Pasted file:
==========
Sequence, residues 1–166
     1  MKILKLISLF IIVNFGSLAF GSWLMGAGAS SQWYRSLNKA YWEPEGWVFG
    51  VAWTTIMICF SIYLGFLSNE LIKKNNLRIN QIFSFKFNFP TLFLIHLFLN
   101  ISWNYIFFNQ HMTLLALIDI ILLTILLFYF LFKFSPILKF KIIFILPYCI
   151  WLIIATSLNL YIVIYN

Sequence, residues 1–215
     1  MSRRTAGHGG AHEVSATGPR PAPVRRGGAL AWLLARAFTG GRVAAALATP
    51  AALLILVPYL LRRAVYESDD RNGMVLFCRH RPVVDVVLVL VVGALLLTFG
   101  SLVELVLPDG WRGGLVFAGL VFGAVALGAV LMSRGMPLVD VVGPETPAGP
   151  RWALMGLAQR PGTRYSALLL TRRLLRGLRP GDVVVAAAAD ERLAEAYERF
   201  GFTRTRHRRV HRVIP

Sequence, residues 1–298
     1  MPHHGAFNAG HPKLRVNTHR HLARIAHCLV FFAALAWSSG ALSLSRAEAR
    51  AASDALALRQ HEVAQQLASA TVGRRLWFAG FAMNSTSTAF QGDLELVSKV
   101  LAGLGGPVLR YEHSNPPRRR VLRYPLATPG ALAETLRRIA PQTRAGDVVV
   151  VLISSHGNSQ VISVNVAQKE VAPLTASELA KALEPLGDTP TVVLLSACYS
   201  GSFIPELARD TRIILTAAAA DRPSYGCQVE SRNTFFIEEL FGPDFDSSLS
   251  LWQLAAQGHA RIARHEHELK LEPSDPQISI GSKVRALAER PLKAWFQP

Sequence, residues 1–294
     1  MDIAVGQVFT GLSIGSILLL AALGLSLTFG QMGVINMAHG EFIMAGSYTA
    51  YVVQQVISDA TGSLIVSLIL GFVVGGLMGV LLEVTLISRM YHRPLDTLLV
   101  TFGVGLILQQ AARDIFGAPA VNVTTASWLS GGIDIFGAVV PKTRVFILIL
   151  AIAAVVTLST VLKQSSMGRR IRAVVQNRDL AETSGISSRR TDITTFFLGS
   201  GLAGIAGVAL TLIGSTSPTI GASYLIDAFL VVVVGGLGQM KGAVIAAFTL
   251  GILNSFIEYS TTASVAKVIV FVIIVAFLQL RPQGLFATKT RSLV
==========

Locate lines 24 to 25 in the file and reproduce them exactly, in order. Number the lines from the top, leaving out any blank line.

   201  GLAGIAGVAL TLIGSTSPTI GASYLIDAFL VVVVGGLGQM KGAVIAAFTL
   251  GILNSFIEYS TTASVAKVIV FVIIVAFLQL RPQGLFATKT RSLV